The handbook also provides information on the way in which radical persons operate. Attention will be paid to the organisation structures of radical groups as well as on persons who self-radicalise: the lone wolves. Part B concludes with an overview of radical ideologies in contemporary Europe, such as the radical extreme-right, the radical extreme-left and radical Islam. Although there is much debate about the content of these ideologies some general features can be identified.
In Part C country specific information on radicalisation will be provided. In this part attention will be paid on the trend towards radicalisation that European countries have faced in recent years. As will become clear, the threat posed by the extreme right, the extreme left and radical Islam differs per country. Correspondingly, there are considerable differences in the kind of counter-radicalisation policies that are enacted by national governments, as well in the programs developed by non-governmental actors. An overview of these initiatives against radicalisation will be provided to ensure that readers are well informed on the counter-radicalisation strategies in their own country, and know what strategies are enacted in other European countries as well, to find inspiration in these strategies or just for information ends.
Part D is titled “approaches against radicalisation”. This part provides in-depth information on counter-radicalisation policies. We provide an overview of the methods that are commonly used in combatting radicalisation, categorising these methods early detection, prevention, intervention or exit strategy.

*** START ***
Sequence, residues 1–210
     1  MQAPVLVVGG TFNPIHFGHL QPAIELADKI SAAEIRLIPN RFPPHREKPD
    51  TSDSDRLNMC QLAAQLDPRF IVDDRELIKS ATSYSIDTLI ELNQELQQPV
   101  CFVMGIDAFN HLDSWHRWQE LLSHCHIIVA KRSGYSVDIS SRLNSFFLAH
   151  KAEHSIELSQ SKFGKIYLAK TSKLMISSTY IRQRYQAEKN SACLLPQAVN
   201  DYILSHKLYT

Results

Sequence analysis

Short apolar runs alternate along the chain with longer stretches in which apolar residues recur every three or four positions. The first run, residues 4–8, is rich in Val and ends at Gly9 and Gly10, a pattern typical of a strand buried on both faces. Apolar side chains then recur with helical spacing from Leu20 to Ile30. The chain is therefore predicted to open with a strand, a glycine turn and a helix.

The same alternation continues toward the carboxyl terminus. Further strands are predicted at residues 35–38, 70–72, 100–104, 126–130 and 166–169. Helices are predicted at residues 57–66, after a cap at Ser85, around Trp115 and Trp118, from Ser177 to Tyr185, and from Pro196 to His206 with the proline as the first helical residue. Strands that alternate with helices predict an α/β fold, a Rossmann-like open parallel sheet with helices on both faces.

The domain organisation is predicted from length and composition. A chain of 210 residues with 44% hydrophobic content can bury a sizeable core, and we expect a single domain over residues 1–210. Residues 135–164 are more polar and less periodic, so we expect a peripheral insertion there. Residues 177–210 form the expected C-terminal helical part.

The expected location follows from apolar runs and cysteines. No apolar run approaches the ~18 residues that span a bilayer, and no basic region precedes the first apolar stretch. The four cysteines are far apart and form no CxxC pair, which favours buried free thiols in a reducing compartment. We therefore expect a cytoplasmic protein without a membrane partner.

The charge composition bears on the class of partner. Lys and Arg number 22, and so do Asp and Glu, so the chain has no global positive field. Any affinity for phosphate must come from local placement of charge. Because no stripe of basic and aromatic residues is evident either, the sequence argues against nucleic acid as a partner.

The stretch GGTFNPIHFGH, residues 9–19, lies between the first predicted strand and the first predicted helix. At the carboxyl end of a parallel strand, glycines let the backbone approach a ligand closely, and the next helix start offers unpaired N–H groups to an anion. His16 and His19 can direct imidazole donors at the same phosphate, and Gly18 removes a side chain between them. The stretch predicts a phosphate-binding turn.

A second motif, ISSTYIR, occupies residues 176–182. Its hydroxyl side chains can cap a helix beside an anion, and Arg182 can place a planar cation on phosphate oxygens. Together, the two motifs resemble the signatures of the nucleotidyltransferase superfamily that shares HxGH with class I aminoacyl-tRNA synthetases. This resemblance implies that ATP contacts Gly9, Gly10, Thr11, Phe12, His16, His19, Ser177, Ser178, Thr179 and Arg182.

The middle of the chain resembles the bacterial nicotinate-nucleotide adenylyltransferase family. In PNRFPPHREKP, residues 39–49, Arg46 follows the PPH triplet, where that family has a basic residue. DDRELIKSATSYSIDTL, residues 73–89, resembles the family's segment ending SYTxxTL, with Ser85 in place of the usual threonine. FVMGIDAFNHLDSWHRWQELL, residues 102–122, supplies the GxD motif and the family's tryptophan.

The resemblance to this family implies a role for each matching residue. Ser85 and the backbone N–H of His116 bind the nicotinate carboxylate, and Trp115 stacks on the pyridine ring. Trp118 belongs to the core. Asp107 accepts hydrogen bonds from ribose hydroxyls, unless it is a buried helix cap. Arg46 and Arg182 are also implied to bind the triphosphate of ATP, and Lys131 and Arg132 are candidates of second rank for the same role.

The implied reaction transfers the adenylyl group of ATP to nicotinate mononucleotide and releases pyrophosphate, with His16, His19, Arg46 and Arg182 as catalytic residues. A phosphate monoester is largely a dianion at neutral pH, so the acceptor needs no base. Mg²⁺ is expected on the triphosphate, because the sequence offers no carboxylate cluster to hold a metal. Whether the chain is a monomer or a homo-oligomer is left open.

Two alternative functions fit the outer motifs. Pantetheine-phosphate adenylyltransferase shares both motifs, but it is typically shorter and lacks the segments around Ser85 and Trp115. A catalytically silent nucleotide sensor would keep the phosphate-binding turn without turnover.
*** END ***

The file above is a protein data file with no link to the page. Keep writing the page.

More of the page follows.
The first of these approaches, early detection, consist in raising awareness of first line practitioners working with vulnerable individuals or groups at risk of radicalisation in order to ensure that they are well equipped to detect and to respond to radicalisation. Prevention does not focus on professionals, but focusses on the young people at risk themselves. In order to prevent them from radicalising, they are educated in politics, are stimulated to enter in intercultural dialogue and the like.
Intervention strategies are more profound. These kind of strategies include community empowerment, family support and the delivering of alternative narratives. The last type of approach, exit strategies, consist in setting up programmes of de-radicalisation or disengagement aimed at reintegrating violent extremists (de-radicalisation) or at least dissuading them from violence (disengagement). Exit strategies are aimed at radicalized persons who need to re-integrate in society. Part D explains why the different strategies are needed, while it also makes clear the limitations of these strategies.
The next part (Part E) describes good practice examples of counter-radicalisation programs across Europe. Whereas part D is written from a theoretical point of view, part E describes initiatives that have proven successful in preventing and combatting radicalisation. These real world examples are explained for purposes of inspiration. With some adaption, these programs may be implemented in other contexts.